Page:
There’s a lovely online exhibition devoted to Honore Daumier’s representations of reading in his work as the kind of grand pere of editorial cartooning. I’m struck by the way in which Daumier represents reading as a
social activity. Of course, there are a number of representations of reading as something that draws people into isolation. As, for instance, this piece on what appears to be man and wife together in a cafe. This seems to fit what I’ve often taken to be the individualistic character of reading in the modern world (and, to be frank, this doesn’t seem all that different from someone sitting at a table texting or reading email while ignoring his wife or girlfriend or friends; reading draws us elsewhere, so all the fretting that goes on about the internet damaging our social relationships may be nothing new)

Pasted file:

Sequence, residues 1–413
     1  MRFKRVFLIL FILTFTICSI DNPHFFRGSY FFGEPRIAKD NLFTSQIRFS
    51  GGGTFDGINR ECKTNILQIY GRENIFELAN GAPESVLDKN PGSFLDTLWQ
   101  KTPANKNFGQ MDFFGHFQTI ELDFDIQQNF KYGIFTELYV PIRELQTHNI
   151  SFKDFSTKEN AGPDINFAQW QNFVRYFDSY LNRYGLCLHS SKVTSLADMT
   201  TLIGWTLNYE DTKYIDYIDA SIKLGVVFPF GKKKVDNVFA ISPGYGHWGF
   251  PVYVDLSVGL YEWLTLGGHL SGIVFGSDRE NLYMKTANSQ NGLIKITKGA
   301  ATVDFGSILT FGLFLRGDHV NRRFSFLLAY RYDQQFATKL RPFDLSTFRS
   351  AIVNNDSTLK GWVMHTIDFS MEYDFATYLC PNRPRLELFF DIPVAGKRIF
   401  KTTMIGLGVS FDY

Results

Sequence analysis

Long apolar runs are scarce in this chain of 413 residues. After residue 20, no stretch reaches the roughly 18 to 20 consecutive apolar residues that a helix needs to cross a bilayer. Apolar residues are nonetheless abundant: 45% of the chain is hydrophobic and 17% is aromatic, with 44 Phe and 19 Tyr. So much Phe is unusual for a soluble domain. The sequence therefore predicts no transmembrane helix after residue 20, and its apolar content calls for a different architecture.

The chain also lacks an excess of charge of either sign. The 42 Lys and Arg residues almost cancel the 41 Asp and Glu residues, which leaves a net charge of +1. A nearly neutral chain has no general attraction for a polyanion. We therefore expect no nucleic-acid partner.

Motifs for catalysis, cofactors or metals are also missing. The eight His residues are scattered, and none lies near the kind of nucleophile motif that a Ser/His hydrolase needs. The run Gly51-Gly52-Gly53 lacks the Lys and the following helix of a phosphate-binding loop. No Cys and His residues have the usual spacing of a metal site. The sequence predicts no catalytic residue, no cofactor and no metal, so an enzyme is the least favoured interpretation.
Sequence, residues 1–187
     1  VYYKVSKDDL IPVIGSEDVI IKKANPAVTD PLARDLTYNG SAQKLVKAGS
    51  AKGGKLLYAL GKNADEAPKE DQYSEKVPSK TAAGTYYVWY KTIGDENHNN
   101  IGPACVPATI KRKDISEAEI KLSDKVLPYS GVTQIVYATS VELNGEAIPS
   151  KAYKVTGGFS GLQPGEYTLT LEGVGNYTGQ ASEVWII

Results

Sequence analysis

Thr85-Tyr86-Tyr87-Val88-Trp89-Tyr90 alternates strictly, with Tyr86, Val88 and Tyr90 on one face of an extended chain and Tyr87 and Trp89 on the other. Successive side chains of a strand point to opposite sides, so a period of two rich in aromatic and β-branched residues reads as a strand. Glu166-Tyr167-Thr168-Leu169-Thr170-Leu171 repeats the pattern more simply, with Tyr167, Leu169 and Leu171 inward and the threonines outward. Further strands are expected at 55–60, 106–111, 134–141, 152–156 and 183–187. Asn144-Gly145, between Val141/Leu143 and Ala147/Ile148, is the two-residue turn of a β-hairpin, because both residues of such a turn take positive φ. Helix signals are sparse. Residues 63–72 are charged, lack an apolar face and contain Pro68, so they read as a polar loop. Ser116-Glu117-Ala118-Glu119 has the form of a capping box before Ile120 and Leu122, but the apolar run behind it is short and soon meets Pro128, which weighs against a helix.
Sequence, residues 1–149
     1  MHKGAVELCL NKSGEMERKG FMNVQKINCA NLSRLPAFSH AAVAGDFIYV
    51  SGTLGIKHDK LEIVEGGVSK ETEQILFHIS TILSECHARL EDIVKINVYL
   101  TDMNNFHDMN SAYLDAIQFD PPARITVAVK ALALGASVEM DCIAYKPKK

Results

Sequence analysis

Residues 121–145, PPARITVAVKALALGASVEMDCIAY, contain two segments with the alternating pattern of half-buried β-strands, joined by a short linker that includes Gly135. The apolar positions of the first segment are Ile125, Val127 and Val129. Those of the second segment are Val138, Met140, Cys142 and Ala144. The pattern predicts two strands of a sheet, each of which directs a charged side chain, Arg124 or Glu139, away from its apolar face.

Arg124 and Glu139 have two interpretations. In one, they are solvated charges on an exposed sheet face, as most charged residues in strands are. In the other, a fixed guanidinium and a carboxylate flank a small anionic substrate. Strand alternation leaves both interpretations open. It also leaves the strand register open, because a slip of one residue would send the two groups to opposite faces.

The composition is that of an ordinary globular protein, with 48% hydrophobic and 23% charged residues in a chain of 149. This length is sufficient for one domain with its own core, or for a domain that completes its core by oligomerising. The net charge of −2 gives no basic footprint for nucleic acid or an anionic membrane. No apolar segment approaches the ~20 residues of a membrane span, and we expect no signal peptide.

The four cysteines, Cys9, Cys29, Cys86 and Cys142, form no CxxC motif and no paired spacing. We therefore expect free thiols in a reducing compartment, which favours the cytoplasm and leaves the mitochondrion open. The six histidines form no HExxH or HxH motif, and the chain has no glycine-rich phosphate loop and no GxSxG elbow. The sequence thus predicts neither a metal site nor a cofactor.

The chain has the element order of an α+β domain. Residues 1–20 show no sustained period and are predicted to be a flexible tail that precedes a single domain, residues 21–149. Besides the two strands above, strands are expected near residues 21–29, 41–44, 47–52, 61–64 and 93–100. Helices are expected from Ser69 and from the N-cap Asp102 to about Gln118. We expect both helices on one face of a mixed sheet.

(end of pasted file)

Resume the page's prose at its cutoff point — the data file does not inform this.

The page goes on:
On the other hand, I’m struck by the number of Daumier pieces that emphasize what I would describe as the sociality of reading, the ways in which reading is an occasion for bringing people together. For instance, this piece with two men reading the paper together:
There are actually more of these kinds of images in the exhibit, suggesting that reading becomes a kind of occasion for sociality rather than isolation. (Of course, it’s France, right? Hard to know if similar images could have played in Peoria). Still, I’m intrigued by the ways in which reading becomes a social event. I’ve suggested in some of my work in progress that book readers in contemporary society represent a kind of social subculture with a variety of signs and forms of cultural currency. Are you reading, what are your reading, with whom are you reading, where are you reading. All these form a system of signification that allows readers to form a kind of social sub-group within and around their taste for books. Far from being individualistic, reading is a cultural practice with its own distinct forms of sociality.